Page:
Most content created for sales is ‘promotional’
Nearly two-thirds of respondents say most content created for sales in their companies is promotional (61%), followed by educational (31%). This was true for all, suggesting it can be difficult to convince sales that other types of content are valuable.
“We explain that not everything has to be super promotional and that educational and thought leadership content also has value,” one respondent writes.
“It’s a challenge to convince them of the need for content that’s customer-focused rather than about us,” another respondent notes. “They want print collateral with bullets and feature dumps. We struggle with getting them to help us identify customer pain points.”It’s a challenge to convince #sales of the need for customer-focused content rather than brand-focused content, says marketer in new @CMIContent @vidyard #Research. Click To Tweet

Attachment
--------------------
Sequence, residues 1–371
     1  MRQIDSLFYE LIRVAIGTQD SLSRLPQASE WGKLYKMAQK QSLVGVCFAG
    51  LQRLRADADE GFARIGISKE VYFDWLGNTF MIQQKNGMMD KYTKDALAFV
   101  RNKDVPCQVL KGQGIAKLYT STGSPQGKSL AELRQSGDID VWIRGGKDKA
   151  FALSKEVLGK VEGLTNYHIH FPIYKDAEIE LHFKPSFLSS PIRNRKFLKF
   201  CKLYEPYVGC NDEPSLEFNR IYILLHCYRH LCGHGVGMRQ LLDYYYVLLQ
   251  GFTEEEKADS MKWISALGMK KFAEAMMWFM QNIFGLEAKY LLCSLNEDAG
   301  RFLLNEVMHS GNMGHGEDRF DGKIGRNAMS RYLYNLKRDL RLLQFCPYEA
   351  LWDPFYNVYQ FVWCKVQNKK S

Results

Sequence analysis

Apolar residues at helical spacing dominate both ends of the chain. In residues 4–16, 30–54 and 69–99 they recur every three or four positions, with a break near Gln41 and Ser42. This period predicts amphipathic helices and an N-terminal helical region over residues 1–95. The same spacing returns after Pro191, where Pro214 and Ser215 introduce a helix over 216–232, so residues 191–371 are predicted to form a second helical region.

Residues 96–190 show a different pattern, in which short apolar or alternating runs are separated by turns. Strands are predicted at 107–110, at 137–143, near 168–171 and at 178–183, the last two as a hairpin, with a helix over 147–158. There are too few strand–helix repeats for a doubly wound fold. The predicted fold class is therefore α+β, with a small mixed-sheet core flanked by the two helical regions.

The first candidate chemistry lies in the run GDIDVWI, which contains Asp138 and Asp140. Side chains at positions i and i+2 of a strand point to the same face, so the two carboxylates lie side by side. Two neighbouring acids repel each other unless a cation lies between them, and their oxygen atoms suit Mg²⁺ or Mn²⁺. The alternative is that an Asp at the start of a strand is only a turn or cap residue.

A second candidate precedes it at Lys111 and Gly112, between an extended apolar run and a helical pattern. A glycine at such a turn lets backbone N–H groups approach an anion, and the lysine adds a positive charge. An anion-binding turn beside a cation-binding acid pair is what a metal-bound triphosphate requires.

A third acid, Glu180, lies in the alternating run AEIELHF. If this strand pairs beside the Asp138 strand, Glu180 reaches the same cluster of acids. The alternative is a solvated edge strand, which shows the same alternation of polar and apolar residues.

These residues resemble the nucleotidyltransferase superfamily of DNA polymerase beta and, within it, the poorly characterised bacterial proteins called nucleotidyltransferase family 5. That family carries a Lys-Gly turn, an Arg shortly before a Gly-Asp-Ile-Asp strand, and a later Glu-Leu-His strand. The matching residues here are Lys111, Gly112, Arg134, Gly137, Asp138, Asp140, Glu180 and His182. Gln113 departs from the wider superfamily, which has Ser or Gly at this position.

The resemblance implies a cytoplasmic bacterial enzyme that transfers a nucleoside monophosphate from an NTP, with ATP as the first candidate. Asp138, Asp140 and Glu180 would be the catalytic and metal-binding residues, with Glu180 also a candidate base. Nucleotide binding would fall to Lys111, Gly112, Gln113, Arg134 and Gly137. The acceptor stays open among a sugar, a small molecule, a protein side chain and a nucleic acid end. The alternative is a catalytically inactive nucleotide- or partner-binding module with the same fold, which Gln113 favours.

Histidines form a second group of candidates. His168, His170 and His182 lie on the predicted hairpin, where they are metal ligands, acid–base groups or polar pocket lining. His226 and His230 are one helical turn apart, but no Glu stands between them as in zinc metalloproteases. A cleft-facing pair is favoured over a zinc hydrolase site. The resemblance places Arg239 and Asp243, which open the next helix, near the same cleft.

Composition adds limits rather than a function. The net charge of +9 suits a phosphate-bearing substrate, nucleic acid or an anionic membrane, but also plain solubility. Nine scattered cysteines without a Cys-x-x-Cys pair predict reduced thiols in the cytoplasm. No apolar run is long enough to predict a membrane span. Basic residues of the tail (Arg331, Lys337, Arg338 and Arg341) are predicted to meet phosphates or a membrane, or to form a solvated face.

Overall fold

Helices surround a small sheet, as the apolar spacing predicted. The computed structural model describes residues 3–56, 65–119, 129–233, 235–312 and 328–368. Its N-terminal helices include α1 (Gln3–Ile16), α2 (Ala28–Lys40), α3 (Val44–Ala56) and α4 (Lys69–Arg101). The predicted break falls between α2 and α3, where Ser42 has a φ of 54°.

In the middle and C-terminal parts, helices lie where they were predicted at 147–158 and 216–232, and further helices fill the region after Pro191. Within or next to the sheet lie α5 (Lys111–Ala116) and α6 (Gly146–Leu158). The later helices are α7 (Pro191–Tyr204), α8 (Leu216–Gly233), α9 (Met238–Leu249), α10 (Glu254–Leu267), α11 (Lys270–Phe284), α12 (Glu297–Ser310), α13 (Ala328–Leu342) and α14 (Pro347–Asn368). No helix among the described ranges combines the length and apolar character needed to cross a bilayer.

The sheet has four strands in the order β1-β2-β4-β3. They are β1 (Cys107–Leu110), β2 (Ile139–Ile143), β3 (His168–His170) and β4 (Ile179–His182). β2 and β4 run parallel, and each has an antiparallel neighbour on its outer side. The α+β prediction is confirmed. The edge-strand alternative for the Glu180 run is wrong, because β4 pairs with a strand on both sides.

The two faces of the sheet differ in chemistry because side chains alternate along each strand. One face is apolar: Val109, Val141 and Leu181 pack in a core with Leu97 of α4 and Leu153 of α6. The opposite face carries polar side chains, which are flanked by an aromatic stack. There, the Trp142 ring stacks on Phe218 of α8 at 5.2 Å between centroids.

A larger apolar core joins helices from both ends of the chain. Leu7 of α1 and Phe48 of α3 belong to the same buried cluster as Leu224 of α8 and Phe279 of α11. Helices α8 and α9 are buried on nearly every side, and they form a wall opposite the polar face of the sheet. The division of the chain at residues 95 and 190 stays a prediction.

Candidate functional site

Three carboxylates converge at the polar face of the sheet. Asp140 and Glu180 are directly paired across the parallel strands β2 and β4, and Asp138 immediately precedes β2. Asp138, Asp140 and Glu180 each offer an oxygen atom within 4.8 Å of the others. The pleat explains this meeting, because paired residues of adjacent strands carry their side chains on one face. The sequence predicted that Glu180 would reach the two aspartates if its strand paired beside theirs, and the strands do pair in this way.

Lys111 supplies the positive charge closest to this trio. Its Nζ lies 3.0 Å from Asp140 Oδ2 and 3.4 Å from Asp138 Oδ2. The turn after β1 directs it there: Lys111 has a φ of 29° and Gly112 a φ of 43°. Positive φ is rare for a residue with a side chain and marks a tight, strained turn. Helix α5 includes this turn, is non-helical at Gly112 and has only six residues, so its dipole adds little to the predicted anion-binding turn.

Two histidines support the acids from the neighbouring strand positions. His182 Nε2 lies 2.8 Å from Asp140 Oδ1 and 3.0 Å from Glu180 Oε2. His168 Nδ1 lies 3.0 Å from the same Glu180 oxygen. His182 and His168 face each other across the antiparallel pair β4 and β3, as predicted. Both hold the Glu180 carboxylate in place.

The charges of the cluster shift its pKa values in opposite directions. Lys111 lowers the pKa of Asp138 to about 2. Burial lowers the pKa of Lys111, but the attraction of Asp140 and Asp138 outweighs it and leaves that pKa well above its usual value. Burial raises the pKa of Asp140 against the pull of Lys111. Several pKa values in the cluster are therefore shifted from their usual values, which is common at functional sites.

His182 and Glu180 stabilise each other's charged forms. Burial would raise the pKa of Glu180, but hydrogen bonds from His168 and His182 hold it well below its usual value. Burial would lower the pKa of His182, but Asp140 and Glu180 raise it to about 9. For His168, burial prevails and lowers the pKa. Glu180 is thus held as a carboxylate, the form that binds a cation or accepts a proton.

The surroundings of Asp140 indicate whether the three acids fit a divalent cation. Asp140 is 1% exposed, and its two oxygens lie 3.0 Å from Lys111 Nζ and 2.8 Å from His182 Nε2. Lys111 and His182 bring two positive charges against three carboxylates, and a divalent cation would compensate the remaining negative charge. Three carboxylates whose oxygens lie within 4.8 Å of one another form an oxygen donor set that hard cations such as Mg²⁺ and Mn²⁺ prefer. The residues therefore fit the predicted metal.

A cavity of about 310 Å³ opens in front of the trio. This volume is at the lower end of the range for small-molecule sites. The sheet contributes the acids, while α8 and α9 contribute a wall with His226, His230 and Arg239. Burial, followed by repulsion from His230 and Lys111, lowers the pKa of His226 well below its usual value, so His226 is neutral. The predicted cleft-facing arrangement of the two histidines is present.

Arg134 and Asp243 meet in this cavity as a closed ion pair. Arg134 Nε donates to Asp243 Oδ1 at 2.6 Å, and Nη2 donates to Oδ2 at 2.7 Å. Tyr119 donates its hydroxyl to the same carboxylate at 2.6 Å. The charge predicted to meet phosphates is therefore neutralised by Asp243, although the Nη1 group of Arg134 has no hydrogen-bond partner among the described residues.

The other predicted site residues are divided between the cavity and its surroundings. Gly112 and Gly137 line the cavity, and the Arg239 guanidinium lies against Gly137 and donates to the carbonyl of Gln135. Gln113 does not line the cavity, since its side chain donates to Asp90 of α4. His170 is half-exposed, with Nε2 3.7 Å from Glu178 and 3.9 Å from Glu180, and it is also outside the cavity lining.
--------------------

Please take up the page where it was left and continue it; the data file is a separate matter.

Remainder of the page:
Too much cookie-cutter content
Only 12% of respondents say their sales content is extremely or very different from their competitors’ content. Even the aligned are challenged here, with only 13% of that group reporting their content is extremely or very different.
When we asked how it differs, responses included:
- “We produce more thought leadership and have a more robust email marketing program.”
- “Our content focuses on thought leadership, theirs on products.”
- “It’s more creative, visual, interactive, and educational.”